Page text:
By Mimi Teller, Volunteer
Batman had Robin and Alfred, while American Red Cross California Gold Country’s Feeding Lead Volunteer Dawn Pesola had Michael and Michael. Dawn and her dynamic duo supervised the delivery of nearly 6,000 meals and 3,000 snacks over two weeks to residents displaced by just a handful of the many wildfires that raged across Northern California in August.
Delivering breakfast, lunch and dinner every day to 25 locations spread across Colusa, Glen, Lake, Lassen, Mariposa, Placer, Sutter, Tuolumne and Washoe counties required expert planning and superhuman organizational skills.
“It’s vital to have a strong team,” Dawn shared. “I picked two, well trained, hard-working supervisors – they divided their regions and conquered.”
Dawn credits her team’s success to their passion for volunteer work and genuine concern for the communities the Red Cross serves. Constant and clear communication, along with texting and sending photos of receipts and other vital information also factored into the feeding team’s ability to bring food and comfort to residents forced from their homes due to the fires.
While Dawn attended daily Red Cross disaster relief planning meetings virtually and arranged all meals through local restaurants, supervisors Michael Hernandez and Michael Schubarth did the leg work. They divvied up the expanse of locations, scheduled deliveries and coordinated teams of six to 10 volunteers to make the deliveries – some of whom often traveled 45 minutes between each meal drop-off site.
The success of these meal deliveries is also thanks to Red Cross partners like Quincy High School, The Salvation Army and Chef Jose Andres’ World Central Kitchen. When fires forced road closures around the small town of Quincy and rendered outside food delivery impossible, Quincy High School fired up their ovens and cooked three meals a day for 25 people for seven days. The Salvation Army also provided tremendous support to the mission by arranging and providing three daily meals for Red Cross Temporary Evacuation Points, while World Central Kitchen teams used their large delivery vans to distribute over 200 meals per day to Kelsey High School and Lassen Community College evacuation points.
Though this was Dawn’s first disaster response as Feeding Lead with the Red Cross, Dawn comes from a background in nutrition and has experience as a Senior Manager for Meals on Wheels in Placer County. While Dawn applied the same service delivery methods that have served her well in the past, she now needed to implement new safety protocols due to COVID-19.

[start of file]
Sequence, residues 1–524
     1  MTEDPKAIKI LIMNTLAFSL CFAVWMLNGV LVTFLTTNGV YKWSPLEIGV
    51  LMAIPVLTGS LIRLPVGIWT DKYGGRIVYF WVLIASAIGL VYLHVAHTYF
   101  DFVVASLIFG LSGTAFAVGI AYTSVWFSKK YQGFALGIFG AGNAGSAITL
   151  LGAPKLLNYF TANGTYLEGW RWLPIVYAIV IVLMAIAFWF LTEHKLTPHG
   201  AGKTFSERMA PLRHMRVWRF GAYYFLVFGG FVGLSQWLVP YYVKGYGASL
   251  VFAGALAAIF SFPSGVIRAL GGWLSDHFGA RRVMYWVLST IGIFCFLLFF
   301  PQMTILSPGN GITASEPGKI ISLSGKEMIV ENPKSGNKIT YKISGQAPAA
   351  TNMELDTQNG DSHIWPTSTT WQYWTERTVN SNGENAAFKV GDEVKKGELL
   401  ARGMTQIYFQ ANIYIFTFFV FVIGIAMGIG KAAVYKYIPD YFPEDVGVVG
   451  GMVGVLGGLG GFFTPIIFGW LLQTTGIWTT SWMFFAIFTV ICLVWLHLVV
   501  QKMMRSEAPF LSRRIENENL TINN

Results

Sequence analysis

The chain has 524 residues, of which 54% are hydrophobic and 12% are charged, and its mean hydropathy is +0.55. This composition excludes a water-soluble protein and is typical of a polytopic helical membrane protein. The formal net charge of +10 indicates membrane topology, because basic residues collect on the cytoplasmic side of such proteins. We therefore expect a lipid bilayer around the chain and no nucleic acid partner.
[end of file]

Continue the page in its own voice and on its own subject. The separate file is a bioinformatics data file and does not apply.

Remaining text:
To protect both the people served and Red Cross workers, visits and communications were narrowed to a knock on the door instead of a buffet-style service for those in need of a hot meal. Despite these constraints, Dawn aimed to make the feeding operation warm and fuzzy.
“We couldn’t hug or get close to people who were struggling, we couldn’t have long conversations,” Dawn lamented. “At least we could knock on doors, ask ‘how are you?’ and check on people.”
Some evacuees, especially older adults, relied on Red Cross food and snack deliveries both for sustenance and a friendly face during several long, hard weeks following fire evacuations.
When asked about her most memorable moment during such a trying time, Dawn spoke of a single, elderly man who had been evacuated to a motel in Williams. Every day, he would take his food delivery and walk across the street to an outside table and eat alone. Dawn ensured he was cared for, as he wanted nothing else but to return home, yet ended up being the very last person allowed to return home safely. His longing to go home tugged on Dawn’s heart and because of moments like this, she feels she has found her calling as feeding lead with the Red Cross.
Her cape hangs readied for the next response.
The American Red Cross remains committed to providing shelter, food and emotional support to victims of disasters. If you are in need of assistance or would like to learn more, call 1-800 RED CROSS or visit redcross.org or cruzrojaamericana.org.